From the White Guide Nordic 2018:

Koka

Global Masters Level 92
Food rating:36/40
Utmärkt och/eller speciellt dryckesutbud (Restaurang)American ExpressMedlem i Visita – Svensk Besöksnäring1 x krav
  • Address: Viktoriagatan 12, 411 25 Gothenburg
  • Phone: +46 31 701 79 79
  • Web: restaurangkoka.se
  • Seats: 42
  • Opening Hours: Mon-Sat from 6 PM. July closed Mon-Tue. Closed Christmas, New Years, Midsummer and Holidays
  • Directions: See Google Map underneath
Koka

Restaurant veteran serves up modern gastronomy

The first thing almost every diner here does is adjust the ingeniously designed lamp above the table. If it’s raised, they might be talking business; if it’s lowered there may be romance in the air. Neither the lamps nor the venue has aged a bit since Valentine’s Day 2014 when Björn Persson’s Kock & Vin turned into the slightly more playful Koka. In spite of the initial modern impression, the light planks along the walls speak to our collective pastoral memory. To a certain extent the staff do, too, not least Persson himself who enjoys coming out into the dining room to check on the guests. And then there’s the food, which at first glance appears ultramodern. Upon closer examination we see it’s also a tribute to our common roots, like the potato, for example. The first thing to come out of this incredibly affordable tasting menu is a half Amandine potato, perfectly al dente, topped with sour cream that almost tastes like smoked herring, and grated, cured egg yolk on top of that. Raw, chopper oyster, plucked up with diving help from the Klemming brothers in Grebbestad, rests together with an oyster cream under thinly planed and grilled celeriac. The next dish is the same shade of beige – king trumpet mushrooms, looking like they have been passed through a paper shredder. But don’t get us wrong – the slim, blond strips, dusted with dried seaweed set a new standard for how a masterful dish can look – and taste. Another example is the decadent lobster and vinegary fennel in a light bath of clear and assertive lobster broth. Cauliflower, crab and beets form a kind of textural illusion, indistinguishable from one another were it not for their strong colours and flavours. This combination of visual minimalism and articulated flavours can also be found in the vegetarian dish of grilled pointed cabbage with buckwheat, tarragon and tapioca – and it’s just like Persson to reconnect to our cultural history by choosing to call it porridge. By the time we get to the cheese dish we are a little tired of the consistent visual impression (aka., “beautiful heaps”), although goat's cheese from Skattegården is a good match with salty caramel sauce and beautifully bleeding Icelandic red dulse algae crowned by frozen chokeberries. The frozen yogurt is topped with chicory fluff, and the dessert is confidently paired with an almost transparent Fioles Rosées Friandise from Huguenot-Tassin (Champagne’s response to lambrusco). Persson now imports wines from France, and some of what Koka offers is impossible to get elsewhere in Sweden. Though the staff have vigilantly refilled the flatware in the tray throughout the evening, now there is only a small soupspoon resting on the wine-splattered leather. The treat with the coffee, a small bark biscuit topped with juniper cream, neatly wraps up what is currently one of Sweden’s most modern gastronomic experiences...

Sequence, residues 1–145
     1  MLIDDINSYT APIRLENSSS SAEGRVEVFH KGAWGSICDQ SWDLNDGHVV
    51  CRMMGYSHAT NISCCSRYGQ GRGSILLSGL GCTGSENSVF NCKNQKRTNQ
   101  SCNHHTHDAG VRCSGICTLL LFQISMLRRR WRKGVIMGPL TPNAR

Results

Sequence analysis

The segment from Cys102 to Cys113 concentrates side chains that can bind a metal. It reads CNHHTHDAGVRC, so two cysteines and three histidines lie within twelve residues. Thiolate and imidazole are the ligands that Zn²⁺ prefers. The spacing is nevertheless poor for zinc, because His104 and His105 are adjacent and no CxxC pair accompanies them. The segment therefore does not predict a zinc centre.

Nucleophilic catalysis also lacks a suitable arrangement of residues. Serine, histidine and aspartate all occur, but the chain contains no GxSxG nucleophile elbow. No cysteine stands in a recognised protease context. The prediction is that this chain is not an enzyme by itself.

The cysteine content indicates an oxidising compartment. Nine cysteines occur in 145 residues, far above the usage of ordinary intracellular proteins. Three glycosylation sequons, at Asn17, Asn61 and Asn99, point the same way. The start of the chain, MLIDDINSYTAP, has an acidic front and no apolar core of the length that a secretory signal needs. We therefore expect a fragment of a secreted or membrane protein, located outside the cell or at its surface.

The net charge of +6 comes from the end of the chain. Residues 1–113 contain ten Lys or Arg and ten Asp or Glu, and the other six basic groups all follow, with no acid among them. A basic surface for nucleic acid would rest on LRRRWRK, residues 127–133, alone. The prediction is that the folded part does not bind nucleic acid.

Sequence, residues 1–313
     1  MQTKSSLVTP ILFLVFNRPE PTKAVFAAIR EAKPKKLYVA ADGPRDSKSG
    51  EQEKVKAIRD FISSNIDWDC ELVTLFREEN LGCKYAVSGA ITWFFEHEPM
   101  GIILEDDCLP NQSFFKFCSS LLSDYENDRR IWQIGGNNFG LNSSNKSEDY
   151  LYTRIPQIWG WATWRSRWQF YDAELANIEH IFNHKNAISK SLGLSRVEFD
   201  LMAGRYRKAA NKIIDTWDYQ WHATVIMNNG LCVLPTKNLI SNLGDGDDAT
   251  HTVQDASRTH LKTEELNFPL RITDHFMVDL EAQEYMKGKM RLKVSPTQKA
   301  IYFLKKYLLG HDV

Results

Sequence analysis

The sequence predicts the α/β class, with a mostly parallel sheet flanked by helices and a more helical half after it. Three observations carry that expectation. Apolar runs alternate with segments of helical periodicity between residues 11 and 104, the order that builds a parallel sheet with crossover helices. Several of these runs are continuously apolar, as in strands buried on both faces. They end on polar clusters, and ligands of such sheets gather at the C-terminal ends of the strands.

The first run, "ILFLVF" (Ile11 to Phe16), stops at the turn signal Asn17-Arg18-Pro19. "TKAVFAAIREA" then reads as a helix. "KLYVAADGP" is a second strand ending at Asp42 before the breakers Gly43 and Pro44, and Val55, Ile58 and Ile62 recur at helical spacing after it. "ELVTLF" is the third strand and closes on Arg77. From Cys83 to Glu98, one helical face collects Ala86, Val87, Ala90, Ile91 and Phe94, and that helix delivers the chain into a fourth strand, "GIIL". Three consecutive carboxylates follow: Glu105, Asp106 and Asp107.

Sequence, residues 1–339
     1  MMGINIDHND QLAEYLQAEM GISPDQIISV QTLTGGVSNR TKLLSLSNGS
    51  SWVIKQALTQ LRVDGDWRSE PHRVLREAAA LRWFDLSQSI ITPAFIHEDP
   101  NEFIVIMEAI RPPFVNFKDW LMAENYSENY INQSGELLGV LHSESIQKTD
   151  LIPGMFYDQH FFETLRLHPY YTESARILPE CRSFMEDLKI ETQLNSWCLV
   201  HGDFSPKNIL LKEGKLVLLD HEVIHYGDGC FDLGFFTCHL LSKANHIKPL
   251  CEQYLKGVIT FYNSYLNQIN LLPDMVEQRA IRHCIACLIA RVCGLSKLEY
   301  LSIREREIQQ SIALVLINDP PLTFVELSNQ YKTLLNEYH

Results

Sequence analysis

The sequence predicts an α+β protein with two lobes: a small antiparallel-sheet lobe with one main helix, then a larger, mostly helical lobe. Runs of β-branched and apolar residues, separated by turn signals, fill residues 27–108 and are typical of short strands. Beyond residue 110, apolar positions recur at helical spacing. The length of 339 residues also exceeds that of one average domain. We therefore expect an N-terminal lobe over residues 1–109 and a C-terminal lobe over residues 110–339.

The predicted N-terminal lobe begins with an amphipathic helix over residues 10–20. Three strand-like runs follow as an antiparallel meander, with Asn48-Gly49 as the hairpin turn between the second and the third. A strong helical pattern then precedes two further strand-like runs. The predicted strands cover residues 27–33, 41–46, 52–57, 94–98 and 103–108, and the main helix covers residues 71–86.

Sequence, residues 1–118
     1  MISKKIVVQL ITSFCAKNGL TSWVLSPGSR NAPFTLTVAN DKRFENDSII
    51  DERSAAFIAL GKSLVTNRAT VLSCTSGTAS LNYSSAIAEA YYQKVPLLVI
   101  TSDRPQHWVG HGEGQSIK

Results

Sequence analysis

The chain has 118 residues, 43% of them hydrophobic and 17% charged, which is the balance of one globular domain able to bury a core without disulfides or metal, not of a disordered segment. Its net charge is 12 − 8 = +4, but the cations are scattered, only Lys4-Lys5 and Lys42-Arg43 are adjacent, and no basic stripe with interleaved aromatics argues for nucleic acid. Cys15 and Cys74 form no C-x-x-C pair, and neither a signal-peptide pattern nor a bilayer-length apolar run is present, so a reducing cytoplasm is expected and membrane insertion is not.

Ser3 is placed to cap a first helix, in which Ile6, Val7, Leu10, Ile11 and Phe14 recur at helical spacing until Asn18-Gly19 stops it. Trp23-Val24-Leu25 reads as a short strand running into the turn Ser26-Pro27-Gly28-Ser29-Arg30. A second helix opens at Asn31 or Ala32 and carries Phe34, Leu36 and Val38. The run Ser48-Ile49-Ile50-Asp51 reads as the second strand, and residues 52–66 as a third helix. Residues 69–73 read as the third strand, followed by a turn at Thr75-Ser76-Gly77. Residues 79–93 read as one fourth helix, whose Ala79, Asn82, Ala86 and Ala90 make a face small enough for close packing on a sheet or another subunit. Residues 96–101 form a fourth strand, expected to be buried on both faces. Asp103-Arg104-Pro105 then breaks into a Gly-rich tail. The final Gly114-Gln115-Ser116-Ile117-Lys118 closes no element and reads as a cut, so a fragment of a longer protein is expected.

To read the whole review go to Buy The White Guide Nordic 2018.

  • Koka
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